Journal of Muscle Research and Cell Motility

, Volume 33, Issue 1, pp 75–80

How do MYBPC3 mutations cause hypertrophic cardiomyopathy?

Authors

    • NHLIImperial College London
  • O’Neal Copeland
    • NHLIImperial College London
  • Katja Gehmlich
    • Department of Cardiovascular MedicineUniversity of Oxford
  • Saskia Schlossarek
    • Cardiovascular Research CentreUniversity Medical Center Hamburg-Eppendorf
  • Lucie Carrrier
    • Cardiovascular Research CentreUniversity Medical Center Hamburg-Eppendorf
Review

DOI: 10.1007/s10974-011-9268-3

Cite this article as:
Marston, S., Copeland, O., Gehmlich, K. et al. J Muscle Res Cell Motil (2012) 33: 75. doi:10.1007/s10974-011-9268-3

Abstract

It is well established that MYBPC3 mutations are the most common cause of hypertrophic cardiomyopathy, accounting for about half of identified mutations. However, when compared with mutations in other myofibrillar proteins that cause hypertrophic cardiomyopathy, MYBPC3 mutations seem to be the odd one out. The most striking characteristic of HCM mutations in MYBPC3 is that many are within introns and are predicted to cause aberrant splicing leading to a frameshift and a premature chain termination, yet the truncated peptides have never been identified in human heart tissue carrying these mutations. Instead of expression of a poison peptide we consistently observe haploinsufficiency of MyBP-C in MYBPC3 mutant human heart muscle. In this review we investigate the mechanism for MyBP-C haploinsufficiency and consider how this haploinsufficiency could cause hypertrophic cardiomyopathy.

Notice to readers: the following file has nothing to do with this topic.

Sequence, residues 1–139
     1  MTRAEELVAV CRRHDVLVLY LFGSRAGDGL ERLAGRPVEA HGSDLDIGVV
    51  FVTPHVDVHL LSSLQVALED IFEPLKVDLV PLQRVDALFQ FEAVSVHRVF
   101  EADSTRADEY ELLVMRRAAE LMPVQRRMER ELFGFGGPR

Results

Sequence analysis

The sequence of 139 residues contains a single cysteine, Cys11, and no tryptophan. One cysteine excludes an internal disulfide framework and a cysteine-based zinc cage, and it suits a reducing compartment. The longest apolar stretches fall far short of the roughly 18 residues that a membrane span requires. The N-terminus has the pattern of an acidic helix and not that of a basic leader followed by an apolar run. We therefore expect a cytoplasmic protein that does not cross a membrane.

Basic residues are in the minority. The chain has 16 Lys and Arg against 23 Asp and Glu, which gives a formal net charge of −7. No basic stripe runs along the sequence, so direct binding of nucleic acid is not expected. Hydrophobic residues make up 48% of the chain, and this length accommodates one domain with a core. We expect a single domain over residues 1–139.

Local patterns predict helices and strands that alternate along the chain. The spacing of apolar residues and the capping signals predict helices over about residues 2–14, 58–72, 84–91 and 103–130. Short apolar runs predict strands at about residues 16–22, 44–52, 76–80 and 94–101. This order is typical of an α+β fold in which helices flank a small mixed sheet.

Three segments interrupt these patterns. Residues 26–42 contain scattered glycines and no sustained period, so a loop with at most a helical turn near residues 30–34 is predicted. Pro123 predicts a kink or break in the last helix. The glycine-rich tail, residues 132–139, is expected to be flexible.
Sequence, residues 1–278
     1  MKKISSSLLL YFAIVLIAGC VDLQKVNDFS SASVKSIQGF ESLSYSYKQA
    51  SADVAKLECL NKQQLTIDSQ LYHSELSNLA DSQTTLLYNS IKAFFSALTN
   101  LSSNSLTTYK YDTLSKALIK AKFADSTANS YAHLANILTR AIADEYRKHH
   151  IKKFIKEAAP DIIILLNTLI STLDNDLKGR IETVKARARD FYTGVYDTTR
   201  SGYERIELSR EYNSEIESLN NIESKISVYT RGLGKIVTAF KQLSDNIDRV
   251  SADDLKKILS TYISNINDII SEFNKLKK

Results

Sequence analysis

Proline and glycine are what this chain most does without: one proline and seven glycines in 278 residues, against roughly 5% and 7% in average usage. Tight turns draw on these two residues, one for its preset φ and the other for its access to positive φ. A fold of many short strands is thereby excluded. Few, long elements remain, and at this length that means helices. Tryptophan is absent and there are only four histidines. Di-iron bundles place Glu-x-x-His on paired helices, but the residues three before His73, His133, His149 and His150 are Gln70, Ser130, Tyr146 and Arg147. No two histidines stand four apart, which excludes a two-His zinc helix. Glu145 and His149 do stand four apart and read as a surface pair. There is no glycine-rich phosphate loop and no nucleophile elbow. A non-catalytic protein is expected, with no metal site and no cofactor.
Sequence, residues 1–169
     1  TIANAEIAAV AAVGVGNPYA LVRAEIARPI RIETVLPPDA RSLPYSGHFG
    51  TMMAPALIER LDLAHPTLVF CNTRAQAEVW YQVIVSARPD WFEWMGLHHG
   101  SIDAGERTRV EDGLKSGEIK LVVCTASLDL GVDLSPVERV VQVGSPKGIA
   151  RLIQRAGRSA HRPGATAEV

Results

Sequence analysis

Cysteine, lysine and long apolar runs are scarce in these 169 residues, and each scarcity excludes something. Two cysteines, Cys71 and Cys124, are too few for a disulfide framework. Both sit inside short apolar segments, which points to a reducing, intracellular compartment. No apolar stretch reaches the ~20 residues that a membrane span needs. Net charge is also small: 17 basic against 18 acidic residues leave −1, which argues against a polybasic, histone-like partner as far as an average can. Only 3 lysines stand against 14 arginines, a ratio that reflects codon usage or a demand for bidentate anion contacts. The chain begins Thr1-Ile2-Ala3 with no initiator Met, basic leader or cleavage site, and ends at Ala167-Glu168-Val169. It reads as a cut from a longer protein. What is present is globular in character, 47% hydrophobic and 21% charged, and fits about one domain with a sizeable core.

Keywords

MYBPC3MyBP-CHypertrophic cardiomyopathyHaploinsufficiencyCa2+-regulationNonsense mediated RNA decayUbiquitin-proteasome system

Copyright information

© Springer Science+Business Media B.V. 2011